• photo by Alex D’addese

numbers don’t lie. In the blowout loss to Western, the Lancer offense was lethargic, punting the ball a season high ten times while averaging .83 yards per rush. The ripple effect of the Kennedy injury has been enormous; without the threat of a quarterback run, the top ranked Mustang’s defence was able to cue in on Mitch Dender and Gilbert Stewart who combined for a net gain of 20 yards. The result provided a blueprint for how to stop the Lancer offence with a hobbled Kennedy: force them to be one dimensional and wait for a bad pass. Western was able to do exactly that hauling in three interceptions on the day. “The pick in the end zone was obviously a bad decision, but we threw two other ‘pick sixes’ and one got returned to the one. That’s a 21 point turn around in a game we lost by 28 points. So sometimes players don’t realize earlier in the game the ramifications of certain plays till it’s too late, because of the domino affect,” noted D’Amore. The Lancer defense has been a rock all season, heading into the Western game was ranked second in the OUA and despite allowing 39 points to the Mustang’s, sits third in total defense. With 22 total sacks and 14 forced turnovers, this group is opportunistic and more than capable of keeping the offense in a game. Fatigue may catch up with this group if the offense is unable to extend drives, as it did against Western. The D sacked quarterback Will Finch five times while forcing four fumbles but was susceptible to big plays after several offensive 3 and outs. The bye week has afforded the blue and gold time to heal. With a tough matchup against the fifth place Ottawa Gee Gee’s next Saturday, The Lancers will need all of its gears running smoothly if they hope to secure a playoff date at Alumni Field.




WOMEN’S ANKURKUMAR lance reporter __________________________ The women’s hockey team found their first win of the season over the York Lions with a 7-5 victory. After surrendering the first three games of the season, the Lancers had better luck once they returned home to South Windsor Arena. Bree Polci collected a pair of goals and a pair of assists, while Jenny MacKnight gathered a hat-trick

in the team’s first regular season win. Although the Lancers racked up penalties, including a 10 minute misconduct charged to Candace Kourounis, the Lions struggled on the power play, capitalizing only once in the final two minutes of regulation. The women’s team will continue the momentum at home as they will host the Nipissing Lakers at WFCU Centre on October 18 and the Laurentian Voyageurs at Tecumseh Arena on October 19.

At the bye sport briefs

• photo by Alex D’addese

Lancers win first games of the 2013/2014 regular season MEN’S ANKURKUMAR lance reporter __________________________ The Lancers men’s hockey team split their season-opening weekend against the Carleton Ravens, while the women’s team found their first win of the season on home ice as well. After ending pre-season with a record of 2-4-0, the Lancers men’s hockey team braced themselves for last year’s OUA East runner-ups. Although the Lancers lost the first game 8-1, they would regroup the following night and take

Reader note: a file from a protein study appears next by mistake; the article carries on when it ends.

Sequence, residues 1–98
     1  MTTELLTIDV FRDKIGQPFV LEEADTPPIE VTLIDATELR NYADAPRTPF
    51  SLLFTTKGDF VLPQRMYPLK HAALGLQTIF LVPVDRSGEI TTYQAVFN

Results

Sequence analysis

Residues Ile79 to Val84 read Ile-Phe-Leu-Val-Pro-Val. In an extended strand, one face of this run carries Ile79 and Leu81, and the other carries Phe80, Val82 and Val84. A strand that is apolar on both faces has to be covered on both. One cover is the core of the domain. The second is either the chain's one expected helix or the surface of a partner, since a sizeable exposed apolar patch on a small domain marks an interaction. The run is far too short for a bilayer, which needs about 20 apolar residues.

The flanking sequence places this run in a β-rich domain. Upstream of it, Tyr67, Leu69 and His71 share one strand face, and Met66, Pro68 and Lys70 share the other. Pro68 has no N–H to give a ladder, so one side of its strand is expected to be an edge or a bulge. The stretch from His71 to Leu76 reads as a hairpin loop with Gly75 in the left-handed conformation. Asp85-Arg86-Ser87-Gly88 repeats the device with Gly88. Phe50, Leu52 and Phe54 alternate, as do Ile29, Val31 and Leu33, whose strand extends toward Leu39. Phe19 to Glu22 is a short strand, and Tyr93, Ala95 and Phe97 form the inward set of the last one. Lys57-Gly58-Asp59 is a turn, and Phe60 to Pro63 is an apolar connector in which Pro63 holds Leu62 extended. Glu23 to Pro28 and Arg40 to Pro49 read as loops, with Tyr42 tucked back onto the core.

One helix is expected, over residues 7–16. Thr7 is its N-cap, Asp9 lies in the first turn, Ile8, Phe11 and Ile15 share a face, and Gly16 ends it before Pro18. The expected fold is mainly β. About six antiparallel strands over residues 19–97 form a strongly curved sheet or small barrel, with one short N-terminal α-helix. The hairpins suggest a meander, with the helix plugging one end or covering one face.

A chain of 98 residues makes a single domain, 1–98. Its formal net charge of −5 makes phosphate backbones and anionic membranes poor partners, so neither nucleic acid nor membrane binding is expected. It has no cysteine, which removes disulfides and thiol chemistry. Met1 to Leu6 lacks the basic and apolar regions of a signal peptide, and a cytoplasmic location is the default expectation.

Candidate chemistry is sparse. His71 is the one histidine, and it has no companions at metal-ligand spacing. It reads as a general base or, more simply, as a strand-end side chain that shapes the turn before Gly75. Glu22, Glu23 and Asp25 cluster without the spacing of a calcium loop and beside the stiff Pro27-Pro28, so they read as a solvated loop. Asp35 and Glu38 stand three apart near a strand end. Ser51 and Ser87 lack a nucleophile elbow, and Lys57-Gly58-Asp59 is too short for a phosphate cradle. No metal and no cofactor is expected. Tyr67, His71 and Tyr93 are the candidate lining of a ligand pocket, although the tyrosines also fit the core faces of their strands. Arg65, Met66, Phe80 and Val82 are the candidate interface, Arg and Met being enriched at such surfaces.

the second game of the two game series by a score of 5-2. Josh Graves found his third assist of the weekend in game two, while Captain Drew Palmer notched a goal and two assists. Many Lancers earned their first points of the regular season, including returning players Matt Beaudoin, Derek Lanoue, and Spencer Pommells. The men’s team heads to Waterloo this weekend to face the Waterloo Warriors and Laurier Golden Hawks. The Lancers were upset in the 2012/2013 OUA West Finals by the Warriors and went 1-1-0 against the Hawks earlier this year in the pre-season.

LANCERS SWEEP ‘TOBANS The Lancers Men’s Basketball team travelled to the prairies to take part in the Boys and Girls Club of Manitoba tournament. Windsor finished with a 3-0 record with wins over the University of Winnipeg Bison’s, the Winnipeg Wesmen and the Brandon Bobcats. EXPRESS STRIKE TV DEAL On the heels of their inaugural season the Windsor Express have struck a deal with local WE-TV, a Bell affiliate to broadcast all home games this season. Express games will reach an audience of 1.2 million viewers nationwide, with many local personalities taking to the air including Lancer contributor Kim Elliott on colour commentary. PATRIOTS STUN SAINTS In one of the greatest finishes you will ever see Tom Brady connected with Kenbrell Tompkins on a last second touchdown as the New England Patriots beat New Orleans 30-27. Brady drove the Pats 70 yards with 1:10 left on the clock. Seriously, if you didn’t catch the highlights stop what you are doing and watch!


WINDSOR FLUSH WITH TIGER FEVER With the Detroit Tigers one round away from a second consecutive World Series appearance, Windsorites everywhere are breaking out their orange and grey. I have got to admit, seeing all this Tiger pride makes me kind of hope the Sox get eaten up. Game 5 is tonight at Comerica Park. SOMEBODY PINCH ME At weeks end the Toronto Maple Leafs sit first in the Eastern Conference. For Leaf fans longing for consistency between the pipes, the play of Johnathan Bernier has been a dream come true. Offensively Phil Kessel and Joffery Lupul have shouldered the load en route to a conference high +8 goal differential.

Issue 8, Volume 86 - The Lance  

Campus and community news, arts, sports and features from The Lance, the official student newspaper of the University of Windsor.

Read more
Read more
Similar to
Popular now
Just for you